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Stef found this corner case while preparing for the test day. If the SSSD is not running, for instance because the machine has left the domain, the memory cache files are still around and the processes that started before the machine left the domain can still query users from the domain.
The memcache can't even be invalidated with sss_cache, because sss_cache only sends a signal to the NSS responder.
This is how we should fix it:
1. make the API to invalidate the cache public
2. in the sss_cache tool, carefully detect if the sss_nss process is running, for example by checking for the responder socket or the PID.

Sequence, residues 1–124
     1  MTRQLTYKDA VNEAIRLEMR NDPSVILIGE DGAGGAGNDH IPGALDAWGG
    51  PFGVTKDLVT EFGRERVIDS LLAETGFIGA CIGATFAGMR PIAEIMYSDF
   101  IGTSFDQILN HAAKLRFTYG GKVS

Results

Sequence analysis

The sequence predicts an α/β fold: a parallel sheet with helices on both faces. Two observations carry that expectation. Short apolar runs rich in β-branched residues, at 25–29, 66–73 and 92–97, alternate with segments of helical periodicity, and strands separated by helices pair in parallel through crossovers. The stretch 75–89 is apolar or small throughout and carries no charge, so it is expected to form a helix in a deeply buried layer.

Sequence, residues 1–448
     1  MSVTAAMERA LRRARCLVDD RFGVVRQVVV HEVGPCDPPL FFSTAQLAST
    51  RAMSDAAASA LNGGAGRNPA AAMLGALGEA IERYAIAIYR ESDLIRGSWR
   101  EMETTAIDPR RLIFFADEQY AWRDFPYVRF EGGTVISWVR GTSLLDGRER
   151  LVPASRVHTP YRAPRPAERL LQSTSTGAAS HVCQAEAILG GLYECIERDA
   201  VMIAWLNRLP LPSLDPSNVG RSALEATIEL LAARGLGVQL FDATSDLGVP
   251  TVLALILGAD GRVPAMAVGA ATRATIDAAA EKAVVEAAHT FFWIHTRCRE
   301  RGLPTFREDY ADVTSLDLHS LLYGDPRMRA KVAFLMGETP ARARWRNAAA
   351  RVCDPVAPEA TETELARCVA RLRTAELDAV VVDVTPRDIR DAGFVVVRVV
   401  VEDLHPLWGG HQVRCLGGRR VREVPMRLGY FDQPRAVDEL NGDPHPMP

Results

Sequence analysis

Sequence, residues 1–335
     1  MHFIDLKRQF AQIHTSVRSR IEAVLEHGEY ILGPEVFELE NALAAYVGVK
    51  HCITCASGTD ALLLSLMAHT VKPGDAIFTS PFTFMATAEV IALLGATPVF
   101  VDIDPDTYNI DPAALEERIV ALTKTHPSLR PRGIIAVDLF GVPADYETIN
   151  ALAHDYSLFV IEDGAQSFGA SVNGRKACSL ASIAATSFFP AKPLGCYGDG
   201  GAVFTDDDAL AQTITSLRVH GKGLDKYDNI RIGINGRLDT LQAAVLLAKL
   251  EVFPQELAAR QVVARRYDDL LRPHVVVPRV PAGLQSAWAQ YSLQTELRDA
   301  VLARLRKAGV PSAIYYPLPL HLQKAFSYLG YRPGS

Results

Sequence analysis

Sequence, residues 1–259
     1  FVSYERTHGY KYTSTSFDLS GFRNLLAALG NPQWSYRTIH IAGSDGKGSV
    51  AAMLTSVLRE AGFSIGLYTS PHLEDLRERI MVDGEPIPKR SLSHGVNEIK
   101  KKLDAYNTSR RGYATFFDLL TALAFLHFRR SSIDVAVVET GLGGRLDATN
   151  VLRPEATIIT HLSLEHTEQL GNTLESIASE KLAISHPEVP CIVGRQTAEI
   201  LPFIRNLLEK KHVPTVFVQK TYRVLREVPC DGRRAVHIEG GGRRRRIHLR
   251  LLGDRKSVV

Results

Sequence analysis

3. if the sss_nss process is running, proceed with sending the signal
4. if the sss_nss process is not running, invalidate the memcache.
We should also check if all of the above works with SELinux.
milestone: NEEDS_TRIAGE => SSSD 1.9.3
Ticket has been cloned to Bugzilla: https://bugzilla.redhat.com/show_bug.cgi?id=867933
rhbz: => [https://bugzilla.redhat.com/show_bug.cgi?id=867933 867933]
owner: somebody => mzidek
design_review: => 0
patch: 0 => 1
status: new => assigned
resolution: => fixed
status: assigned => closed
Metadata Update from @jhrozek:
- Issue assigned to mzidek
- Issue set to the milestone: SSSD 1.9.3
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